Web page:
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How can a so called "Christian dating" application encourage a same sex relationship. I had the option to pick which gender i was interested in after selecting which gender I am.. seriously doesn't sound right to me. What evs if your into that items but really? on a Christian app?
looks like it was thrown together in a hurry: there is not even a password verification when one signs up, nor can you see the password when you type. Tell me who has been this negligent in 25 years of the internet? Huge security risk!
I have NOT been able to log into your application EVER - right from the moment I signed up/created a profile on your website! I've tried reinstalling this useless application on my phone as well as changing my password via your website, and up to now, I have not been able to move pass beyond the log in screen. Perhaps it's about time you hire more experienced and better qualified Application developers to maintain your app, Christian Connection team...??
Has potential however it is very expensive to be a full member... I remember I created an acc and deleted it and then came back a few weeks later to create a fresh one... The fresh acc was the one I was getting frequent messages but your admin deleted it and created me go back to my old one I just didnt obtain it... On top of that although not the apps fault people do ignore your waves etc.. Are we not meant to be Christians?... Overall I just found the process of getting to know people a struggle...
Not a poor first effort for the application would like to see an easier log in instead of having to remember your username ( eg: use email or username) would also like to see it remember my log in info or stay logged in after the application is closed otherwise it's no various from using the www service on a mobile device... Which I might add at least remembers your log in for a while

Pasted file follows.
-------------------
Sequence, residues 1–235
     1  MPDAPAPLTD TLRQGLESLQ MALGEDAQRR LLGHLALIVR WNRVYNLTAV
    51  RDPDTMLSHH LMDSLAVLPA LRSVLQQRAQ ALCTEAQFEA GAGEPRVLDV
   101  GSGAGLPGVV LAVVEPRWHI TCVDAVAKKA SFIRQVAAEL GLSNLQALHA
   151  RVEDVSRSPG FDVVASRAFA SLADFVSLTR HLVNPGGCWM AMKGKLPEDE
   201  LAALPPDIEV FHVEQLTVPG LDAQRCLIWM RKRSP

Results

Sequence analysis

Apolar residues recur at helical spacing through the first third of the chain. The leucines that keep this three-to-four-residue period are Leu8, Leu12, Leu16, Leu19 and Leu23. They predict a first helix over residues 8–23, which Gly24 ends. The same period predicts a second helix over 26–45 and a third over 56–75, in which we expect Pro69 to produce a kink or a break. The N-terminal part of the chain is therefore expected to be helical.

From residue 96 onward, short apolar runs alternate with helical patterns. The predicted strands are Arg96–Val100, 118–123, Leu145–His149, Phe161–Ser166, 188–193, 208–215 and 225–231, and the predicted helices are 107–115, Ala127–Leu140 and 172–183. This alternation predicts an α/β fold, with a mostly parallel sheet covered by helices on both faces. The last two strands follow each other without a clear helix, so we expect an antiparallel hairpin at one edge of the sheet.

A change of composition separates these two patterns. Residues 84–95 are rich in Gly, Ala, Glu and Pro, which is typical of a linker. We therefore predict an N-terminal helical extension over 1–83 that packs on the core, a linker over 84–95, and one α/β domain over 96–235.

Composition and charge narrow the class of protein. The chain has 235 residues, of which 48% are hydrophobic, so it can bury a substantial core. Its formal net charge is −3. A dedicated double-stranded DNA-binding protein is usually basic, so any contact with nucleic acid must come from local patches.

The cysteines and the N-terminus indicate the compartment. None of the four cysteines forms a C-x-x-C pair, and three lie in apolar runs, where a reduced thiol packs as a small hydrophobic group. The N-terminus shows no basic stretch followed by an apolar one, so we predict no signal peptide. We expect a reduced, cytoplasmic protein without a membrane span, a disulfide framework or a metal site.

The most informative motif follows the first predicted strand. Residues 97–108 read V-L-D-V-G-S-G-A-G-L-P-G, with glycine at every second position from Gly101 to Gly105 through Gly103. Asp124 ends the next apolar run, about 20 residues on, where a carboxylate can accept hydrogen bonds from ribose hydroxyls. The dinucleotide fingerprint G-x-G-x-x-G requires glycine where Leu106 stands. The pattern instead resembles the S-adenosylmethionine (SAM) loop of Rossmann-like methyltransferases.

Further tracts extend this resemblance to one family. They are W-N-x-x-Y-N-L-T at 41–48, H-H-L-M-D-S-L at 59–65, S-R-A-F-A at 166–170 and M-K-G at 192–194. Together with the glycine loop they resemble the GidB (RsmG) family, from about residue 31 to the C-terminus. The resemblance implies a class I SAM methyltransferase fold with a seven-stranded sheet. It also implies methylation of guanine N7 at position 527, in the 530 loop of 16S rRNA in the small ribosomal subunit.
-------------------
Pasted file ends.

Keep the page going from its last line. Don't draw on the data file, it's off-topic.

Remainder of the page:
It's good...when it works. It often gets stuck on the loading screen and eventually says that you are not connected to the internet (even though I am, and other apps etc are working) The chat feature looks better on the application than it does on the website.
That full members can only notice other full members is a complete deal breaker. This website seems a bit greedier than most. I've paid for just 1 month and even having paid, I cannot begin a conversation with any other members unless they've also paid.
one more untrustworthy so called Christian dating application place in your country and email address and then it ever stops saying please wait or something like that nothing but a scam under the guise of the heading Christian hmm wonder just how satisfied jesus will be about this on judgment day.
this globe bee amazing for what I need to haveing a amazing life with some one that's willing two love me and that can trust me .andcan note that I will be in love with you I tack my love life verey surat no disrespect but I don't like to go to bed with a woman on the first date I like to respect the lady by taking her out and having a amazing night and I would like to know what the lady would like to do in the near future what would you like to be I like to know more about the ladies and the lady knowi